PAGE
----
Please keep in mind that fish still have to eat, no matter the water colour. High, dirty water often means food such as beetles and worms being flushed out or washed in. The trout will cruise the shallow lake edges, or sit right in close to the stream banks, trusting they won’t be seen by predators.

These trout will drop their guard, allowing you to get close and fish heavier tippets without spooking them.

Dirty water can fish very well.

The thought process for fly selection does matter here. Most likely, I wouldn’t be tying on a size 22 midge pattern and pumping a 60ft cast into the middle. Instead, I’d opt for a fly the trout would ‘feel’ and see – perhaps a black unweighted Woolly Bugger, fished along the edges, not way out. Long, slow draws keeping the fly off the shallow bottom, away from snags and weed. But again, remember, no hard rules. If the long, slow draw doesn’t work, change up. Or change fly. Perhaps a bright-beaded nymph under an indicator; something that stands out with a UV shine. Even a Squirmy Worm, matching those that have washed in.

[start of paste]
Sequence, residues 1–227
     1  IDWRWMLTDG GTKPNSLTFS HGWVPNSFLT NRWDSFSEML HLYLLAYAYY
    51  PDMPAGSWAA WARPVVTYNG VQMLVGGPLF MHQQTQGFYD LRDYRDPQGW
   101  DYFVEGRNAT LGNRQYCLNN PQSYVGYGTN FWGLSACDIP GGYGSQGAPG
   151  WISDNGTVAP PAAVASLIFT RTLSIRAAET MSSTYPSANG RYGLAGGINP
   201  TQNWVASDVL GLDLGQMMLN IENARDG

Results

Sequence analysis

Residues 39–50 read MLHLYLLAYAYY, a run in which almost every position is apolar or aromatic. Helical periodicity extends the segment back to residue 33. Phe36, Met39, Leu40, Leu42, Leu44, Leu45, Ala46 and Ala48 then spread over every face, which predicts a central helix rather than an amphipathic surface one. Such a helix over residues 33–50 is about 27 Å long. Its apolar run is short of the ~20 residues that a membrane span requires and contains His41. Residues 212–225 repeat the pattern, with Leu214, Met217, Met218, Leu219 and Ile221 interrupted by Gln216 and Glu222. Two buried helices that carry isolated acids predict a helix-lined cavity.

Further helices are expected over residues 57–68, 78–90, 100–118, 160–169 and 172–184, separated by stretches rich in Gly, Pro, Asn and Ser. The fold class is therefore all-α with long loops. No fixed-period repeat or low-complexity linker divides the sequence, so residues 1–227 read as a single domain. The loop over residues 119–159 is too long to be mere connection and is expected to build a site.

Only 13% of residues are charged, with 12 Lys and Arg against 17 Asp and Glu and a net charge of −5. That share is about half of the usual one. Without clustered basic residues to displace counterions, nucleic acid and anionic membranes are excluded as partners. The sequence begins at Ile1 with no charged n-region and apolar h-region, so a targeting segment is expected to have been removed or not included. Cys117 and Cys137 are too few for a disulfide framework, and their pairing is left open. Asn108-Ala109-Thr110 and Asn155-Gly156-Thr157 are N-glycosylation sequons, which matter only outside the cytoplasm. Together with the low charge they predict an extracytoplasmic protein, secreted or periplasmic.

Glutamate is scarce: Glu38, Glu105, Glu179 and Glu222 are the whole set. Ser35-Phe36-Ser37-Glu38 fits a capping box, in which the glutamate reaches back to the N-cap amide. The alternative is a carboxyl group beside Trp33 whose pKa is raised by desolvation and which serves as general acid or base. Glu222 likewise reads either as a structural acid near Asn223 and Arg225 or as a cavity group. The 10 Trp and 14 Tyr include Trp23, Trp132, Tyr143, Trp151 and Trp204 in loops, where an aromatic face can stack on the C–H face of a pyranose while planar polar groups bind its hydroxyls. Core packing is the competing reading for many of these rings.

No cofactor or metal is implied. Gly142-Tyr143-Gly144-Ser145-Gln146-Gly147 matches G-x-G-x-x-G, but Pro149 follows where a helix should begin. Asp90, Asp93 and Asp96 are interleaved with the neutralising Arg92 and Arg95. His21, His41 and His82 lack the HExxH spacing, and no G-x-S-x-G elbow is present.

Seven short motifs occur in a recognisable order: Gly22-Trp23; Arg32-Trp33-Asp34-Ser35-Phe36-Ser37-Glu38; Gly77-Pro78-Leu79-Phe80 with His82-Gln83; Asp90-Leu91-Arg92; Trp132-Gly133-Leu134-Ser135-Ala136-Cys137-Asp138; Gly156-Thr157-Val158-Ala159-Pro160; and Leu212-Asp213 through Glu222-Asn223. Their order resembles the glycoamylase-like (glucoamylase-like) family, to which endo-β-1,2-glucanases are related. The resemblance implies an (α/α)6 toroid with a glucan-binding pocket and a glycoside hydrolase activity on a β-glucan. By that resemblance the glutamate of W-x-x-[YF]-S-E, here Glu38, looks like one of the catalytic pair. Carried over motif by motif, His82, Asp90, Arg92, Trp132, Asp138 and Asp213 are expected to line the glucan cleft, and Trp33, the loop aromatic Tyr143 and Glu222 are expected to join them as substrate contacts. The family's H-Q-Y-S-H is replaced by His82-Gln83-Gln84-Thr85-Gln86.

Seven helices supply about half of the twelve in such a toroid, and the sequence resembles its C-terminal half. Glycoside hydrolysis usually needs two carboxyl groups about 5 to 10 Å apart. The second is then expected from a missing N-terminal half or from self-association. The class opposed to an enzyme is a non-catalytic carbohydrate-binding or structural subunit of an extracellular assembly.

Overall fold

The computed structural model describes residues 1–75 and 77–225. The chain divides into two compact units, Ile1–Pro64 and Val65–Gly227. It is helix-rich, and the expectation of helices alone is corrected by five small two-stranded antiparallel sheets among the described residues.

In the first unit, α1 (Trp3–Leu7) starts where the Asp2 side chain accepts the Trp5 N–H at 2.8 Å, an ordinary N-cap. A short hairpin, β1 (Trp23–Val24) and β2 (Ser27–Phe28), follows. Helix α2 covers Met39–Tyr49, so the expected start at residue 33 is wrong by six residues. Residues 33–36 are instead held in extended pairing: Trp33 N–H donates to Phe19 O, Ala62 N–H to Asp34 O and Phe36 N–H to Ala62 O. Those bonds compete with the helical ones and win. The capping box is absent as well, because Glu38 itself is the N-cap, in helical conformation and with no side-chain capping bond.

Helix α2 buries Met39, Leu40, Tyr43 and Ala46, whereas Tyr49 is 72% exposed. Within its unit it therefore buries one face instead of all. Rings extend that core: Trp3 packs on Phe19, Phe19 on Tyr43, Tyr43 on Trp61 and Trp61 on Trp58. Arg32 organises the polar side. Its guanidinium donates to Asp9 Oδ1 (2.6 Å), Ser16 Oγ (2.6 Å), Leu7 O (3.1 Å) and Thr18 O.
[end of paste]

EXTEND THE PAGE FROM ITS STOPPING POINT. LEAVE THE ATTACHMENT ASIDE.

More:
Walk the edges, concentrating on the shallows, waiting for a fish to give itself away with a fin tip or subtle swirl. Take your time, walk slowly. The trout are there, and they will eat.

Foam home?

‘Foam is home’: a rule and motto I would consider to be mostly accurate. Mostly… When wading up a small stream, assuming regular water levels, your best bet is often to place your fly or flies in the deeper runs or chutes where the bubbles and foam concentrate. This bubble-line, as it is also called, is where a lot of food and insects coming downstream concentrate, which is why the fish are there.

The bubble-line is good, but…

Yet I see way too many anglers make the mistake of fishing too quickly through this likeliest water. Walking and wading as they cast.